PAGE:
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Let $\mathcal A$ be an abelian category, $\alpha_1 \colon A_1 \to B$, $\alpha_2 \colon A_2 \to B$ two morphisms and $A_1 \leftarrow A_1\times_B A_2 \to A_2$ their pullback (with morphisms, say, $p_1, p_2$).

I can easily show, by hands, that the unique morphism $\varphi\colon\text{Ker}\, p_2 \to \text{Ker}\,\alpha_1$ induced by the universal property of $\ker\alpha_1 \colon\text{Ker}\,\alpha_1 \to A_1$ is an isomorphism.

I have been told that, actually, this is because "limits preserve limits" (or "limits commute with limits"). I know that the limit functor $\lim\colon\mathcal{A^D}\to A$ is right-adjoint to the costant functor $\Delta\colon \mathcal{A}\to \mathcal{A^D}$, but I cannot see how to prove the above result using it.

Can you provide any reference, also in order to become familiar with this "limits twists"?

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up vote 2 down vote accepted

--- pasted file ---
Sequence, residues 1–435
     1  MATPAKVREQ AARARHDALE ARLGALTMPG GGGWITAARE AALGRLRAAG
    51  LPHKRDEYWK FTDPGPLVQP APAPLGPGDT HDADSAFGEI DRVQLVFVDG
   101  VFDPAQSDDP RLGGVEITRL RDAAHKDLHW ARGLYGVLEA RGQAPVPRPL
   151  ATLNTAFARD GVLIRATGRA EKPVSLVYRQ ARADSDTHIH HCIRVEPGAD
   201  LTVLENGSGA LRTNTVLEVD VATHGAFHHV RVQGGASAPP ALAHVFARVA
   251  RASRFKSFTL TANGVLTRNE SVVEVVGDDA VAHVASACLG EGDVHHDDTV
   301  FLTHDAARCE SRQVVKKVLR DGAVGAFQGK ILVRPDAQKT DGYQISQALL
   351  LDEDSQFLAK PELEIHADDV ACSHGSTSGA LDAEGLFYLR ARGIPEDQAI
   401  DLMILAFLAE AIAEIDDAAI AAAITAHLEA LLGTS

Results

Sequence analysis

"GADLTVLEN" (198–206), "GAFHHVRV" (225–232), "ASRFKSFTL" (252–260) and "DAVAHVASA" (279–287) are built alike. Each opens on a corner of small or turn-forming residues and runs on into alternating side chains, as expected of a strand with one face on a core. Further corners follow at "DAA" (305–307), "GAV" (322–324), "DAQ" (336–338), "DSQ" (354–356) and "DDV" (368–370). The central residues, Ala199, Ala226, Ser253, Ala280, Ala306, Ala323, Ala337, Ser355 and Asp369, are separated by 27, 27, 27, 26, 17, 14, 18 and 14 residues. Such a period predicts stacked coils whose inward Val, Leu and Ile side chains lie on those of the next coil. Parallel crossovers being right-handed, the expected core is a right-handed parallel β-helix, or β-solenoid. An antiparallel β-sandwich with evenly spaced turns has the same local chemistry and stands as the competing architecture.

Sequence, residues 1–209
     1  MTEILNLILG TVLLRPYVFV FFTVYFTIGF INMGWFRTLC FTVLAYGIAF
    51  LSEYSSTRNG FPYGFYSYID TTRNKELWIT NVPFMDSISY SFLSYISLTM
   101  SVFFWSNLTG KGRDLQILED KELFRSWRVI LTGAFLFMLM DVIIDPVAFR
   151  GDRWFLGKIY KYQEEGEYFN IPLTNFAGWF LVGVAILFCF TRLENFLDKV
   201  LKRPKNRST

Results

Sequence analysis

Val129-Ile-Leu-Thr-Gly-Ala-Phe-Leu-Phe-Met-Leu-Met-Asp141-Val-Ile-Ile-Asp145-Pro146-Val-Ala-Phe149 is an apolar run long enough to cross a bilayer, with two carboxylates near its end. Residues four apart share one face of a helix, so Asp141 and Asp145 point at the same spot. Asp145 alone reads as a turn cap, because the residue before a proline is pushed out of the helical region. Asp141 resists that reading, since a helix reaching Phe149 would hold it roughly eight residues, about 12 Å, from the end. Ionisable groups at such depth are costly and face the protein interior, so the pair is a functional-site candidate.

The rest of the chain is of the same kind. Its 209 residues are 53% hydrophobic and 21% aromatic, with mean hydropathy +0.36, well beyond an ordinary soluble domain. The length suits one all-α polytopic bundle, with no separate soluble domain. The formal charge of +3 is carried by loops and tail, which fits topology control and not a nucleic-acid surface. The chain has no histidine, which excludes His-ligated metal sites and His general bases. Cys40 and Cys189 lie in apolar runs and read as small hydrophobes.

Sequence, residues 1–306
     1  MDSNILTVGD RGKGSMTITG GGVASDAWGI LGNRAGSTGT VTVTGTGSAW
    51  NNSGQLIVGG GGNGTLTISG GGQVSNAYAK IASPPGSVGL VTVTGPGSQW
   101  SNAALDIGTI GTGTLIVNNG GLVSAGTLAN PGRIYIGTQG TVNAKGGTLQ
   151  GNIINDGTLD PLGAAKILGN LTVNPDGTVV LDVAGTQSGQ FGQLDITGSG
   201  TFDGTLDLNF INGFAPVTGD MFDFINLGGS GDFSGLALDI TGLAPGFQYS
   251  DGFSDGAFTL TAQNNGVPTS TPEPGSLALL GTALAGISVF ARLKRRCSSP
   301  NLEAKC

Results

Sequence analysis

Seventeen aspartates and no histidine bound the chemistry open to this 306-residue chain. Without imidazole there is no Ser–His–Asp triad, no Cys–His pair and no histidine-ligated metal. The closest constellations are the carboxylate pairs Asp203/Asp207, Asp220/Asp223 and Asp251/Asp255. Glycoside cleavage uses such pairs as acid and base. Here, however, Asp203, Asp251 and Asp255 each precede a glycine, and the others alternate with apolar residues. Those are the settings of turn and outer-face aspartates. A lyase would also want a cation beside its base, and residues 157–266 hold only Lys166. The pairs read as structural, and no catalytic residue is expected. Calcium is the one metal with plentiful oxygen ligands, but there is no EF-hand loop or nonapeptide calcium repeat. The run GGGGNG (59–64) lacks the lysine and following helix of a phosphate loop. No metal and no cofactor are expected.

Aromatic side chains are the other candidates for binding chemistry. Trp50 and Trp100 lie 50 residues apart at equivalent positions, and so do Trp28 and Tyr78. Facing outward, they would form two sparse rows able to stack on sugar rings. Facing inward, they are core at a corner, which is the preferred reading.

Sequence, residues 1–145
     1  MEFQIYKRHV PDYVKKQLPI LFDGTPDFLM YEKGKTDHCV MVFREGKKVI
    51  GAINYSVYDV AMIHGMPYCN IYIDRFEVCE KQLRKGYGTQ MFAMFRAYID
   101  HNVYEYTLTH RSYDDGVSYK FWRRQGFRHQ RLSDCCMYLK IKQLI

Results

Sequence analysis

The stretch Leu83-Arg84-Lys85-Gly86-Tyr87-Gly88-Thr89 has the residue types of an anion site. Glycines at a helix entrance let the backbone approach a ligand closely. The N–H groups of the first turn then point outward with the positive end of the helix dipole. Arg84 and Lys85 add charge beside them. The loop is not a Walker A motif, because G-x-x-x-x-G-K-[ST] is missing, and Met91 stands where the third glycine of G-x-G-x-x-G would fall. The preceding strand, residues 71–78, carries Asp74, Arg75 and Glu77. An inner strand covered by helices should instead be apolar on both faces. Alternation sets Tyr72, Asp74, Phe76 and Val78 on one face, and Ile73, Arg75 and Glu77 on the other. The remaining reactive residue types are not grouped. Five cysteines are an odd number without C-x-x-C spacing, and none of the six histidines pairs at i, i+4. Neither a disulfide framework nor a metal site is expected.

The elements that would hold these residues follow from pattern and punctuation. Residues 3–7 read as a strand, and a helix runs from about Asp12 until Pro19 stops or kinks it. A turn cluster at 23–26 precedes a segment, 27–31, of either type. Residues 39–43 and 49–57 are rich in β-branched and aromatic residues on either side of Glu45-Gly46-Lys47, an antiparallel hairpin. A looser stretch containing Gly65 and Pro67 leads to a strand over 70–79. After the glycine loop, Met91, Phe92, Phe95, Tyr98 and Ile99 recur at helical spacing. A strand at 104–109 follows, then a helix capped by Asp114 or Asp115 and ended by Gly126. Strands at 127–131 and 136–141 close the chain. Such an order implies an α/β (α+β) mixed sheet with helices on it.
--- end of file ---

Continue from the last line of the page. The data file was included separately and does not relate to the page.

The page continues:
The phrase "limits commute with limits" means the following: Let $C$ be a complete category and $I,J$ small categories. If $F : I \times J \to C$ is a functor, then there are canonical isomorphisms $\lim_i \lim_j F(i,j) \cong \lim_{i,j} F(i,j) \cong \lim_j \lim_i F(i,j)$. A proof can be found in the book by Mac Lane, but basically it is an easy exercise playing around with universal properties. Nothing really happens.

As a special case of this, one gets the canonical isomorphism $(X \times_S S') \times_{S'} T \cong X \times_S T$ in an arbitrary category where these fiber products make sense (see also MO/80797). If $T$ is a zero object, this means that the kernel of $X \times_S S' \to S'$ is the same as the kernel of $X \to S$.

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Very clever! Way easier than I was thinking about. Actually, I was also trying to prove that "composition of pullbacks is a pullback" by mean of commutativity of limits. So, double answer! Thank you, Martin (once more!) –  Andrea Gagna Feb 20 '13 at 1:52
    
Actually, isn't $(X \times_S S') \times_{S'} T \cong X \times_S T$ the pullback pasting lemma? This isomorphism has a somewhat different flavour than, say, $\ker (f \times g) \cong \ker (f) \times \ker (g)$. –  Zhen Lin Feb 20 '13 at 8:43
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